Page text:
Low-Fat Milk, Answer to India's Coronary Crisis

AUSTRALIA - First he devised a way for India's 11 million dairy farmers to improve milk production. Now Dr Suresh Gulati of the University of Sydney's Faculty of Veterinary Science is making milk healthier in a country where coronary heart disease is set to soar.
calendar icon 15 November 2007
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The World Health Organisation (WHO) estimates that 60 per cent of the world's cardiac patients will be Indian by 2010, meaning that heart disease will be a bigger problem there than in America.

Dr Gulati has been to India on a 2007 Endeavour Executive Fellowship from the Department of Education, Science and Training. He has been working in the village of Kadodra in Gujarat, where milk from the local Jaffarabadi buffaloes has an exceptionally high milk fat content of 8 per cent.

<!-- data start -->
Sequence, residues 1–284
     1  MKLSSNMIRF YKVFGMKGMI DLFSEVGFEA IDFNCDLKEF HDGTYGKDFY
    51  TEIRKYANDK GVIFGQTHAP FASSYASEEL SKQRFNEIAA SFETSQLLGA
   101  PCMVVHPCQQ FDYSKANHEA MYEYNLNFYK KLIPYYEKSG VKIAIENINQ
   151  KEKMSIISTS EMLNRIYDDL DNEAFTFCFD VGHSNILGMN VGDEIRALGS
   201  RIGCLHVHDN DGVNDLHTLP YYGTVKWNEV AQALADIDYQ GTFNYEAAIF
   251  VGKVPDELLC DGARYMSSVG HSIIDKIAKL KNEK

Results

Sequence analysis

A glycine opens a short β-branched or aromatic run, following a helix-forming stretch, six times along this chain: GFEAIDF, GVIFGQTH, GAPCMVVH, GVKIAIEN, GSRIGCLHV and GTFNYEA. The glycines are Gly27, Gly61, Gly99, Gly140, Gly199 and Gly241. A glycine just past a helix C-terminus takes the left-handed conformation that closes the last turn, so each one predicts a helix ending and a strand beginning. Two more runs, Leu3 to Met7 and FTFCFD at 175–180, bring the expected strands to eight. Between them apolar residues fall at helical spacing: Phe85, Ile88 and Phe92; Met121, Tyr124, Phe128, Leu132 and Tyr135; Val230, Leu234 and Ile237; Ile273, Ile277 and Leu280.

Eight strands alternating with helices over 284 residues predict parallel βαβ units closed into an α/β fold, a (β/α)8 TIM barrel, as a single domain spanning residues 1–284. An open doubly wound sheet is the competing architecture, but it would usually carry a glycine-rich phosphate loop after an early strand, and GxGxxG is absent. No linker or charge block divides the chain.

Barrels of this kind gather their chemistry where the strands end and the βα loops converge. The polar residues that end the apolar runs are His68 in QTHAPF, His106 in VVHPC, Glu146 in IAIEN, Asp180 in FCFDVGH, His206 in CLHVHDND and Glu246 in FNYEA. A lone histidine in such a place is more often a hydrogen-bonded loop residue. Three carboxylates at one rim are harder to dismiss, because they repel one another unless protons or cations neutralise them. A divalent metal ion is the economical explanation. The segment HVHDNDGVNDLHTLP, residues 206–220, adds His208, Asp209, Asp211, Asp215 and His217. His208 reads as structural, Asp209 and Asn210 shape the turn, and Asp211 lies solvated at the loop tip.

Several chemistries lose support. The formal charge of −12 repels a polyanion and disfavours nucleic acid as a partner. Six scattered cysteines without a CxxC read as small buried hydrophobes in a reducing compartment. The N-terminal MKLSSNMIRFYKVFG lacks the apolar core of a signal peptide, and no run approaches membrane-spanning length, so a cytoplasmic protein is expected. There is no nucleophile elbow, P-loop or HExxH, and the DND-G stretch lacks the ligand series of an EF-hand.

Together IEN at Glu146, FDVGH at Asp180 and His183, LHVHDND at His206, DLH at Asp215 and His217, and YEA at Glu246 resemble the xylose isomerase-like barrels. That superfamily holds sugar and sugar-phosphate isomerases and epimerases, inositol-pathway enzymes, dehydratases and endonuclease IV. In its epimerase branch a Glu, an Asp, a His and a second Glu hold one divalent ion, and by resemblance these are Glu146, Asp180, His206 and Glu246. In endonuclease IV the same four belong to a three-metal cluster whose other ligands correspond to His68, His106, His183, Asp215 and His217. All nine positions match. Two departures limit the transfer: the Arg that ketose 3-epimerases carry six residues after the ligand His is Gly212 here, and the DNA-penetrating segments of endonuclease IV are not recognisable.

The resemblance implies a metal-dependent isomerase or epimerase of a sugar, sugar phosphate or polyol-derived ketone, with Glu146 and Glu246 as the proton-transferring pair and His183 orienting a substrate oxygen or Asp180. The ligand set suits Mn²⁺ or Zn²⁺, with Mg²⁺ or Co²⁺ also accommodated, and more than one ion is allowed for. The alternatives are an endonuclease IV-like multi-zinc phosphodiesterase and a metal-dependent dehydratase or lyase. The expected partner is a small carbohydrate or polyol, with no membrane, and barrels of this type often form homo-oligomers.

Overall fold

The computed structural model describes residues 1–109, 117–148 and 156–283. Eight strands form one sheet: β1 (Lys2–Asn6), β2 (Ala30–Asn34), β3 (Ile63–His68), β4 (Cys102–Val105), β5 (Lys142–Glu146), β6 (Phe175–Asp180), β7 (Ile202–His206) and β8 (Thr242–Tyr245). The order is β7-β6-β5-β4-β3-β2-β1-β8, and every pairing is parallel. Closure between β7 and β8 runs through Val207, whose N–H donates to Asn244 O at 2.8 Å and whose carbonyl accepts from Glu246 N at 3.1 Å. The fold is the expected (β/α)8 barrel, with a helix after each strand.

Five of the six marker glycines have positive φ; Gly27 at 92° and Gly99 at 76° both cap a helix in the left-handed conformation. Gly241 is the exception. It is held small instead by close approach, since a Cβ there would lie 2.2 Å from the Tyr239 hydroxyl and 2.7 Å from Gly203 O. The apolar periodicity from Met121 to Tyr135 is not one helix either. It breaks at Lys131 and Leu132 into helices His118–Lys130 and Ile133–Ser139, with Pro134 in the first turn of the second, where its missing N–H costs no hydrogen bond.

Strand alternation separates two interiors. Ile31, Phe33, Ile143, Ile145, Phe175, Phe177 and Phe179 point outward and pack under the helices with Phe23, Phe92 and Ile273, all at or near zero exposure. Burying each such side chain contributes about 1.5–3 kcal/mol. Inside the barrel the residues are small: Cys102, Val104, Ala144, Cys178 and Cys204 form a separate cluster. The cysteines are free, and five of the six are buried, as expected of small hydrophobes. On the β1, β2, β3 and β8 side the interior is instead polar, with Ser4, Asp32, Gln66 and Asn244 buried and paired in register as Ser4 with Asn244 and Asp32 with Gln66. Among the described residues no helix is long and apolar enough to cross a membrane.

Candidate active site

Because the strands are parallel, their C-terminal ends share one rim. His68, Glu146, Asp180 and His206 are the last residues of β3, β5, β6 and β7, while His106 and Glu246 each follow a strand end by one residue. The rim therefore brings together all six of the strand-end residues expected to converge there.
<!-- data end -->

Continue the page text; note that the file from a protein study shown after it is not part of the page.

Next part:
By feeding the buffaloes 'good fats' in the form of conjugated linoleic acids (CLA) supplements, "we were able to reduce milk fat content by as much as 30 per cent and increase the levels of healthier fatty acids," said Dr Gulati.

"There is a world-wide demand for dairy products, infant formula and functional foods with higher levels of good fats such as omega-3 and CLA which are associated with health benefits," he said.

Previously Dr Gulati worked with the same farmers to improve milk production in a country where the vast majority of village dairy farmers are women tending just one or two cows or buffaloes for their livelihood.

Source: News-Medical.net
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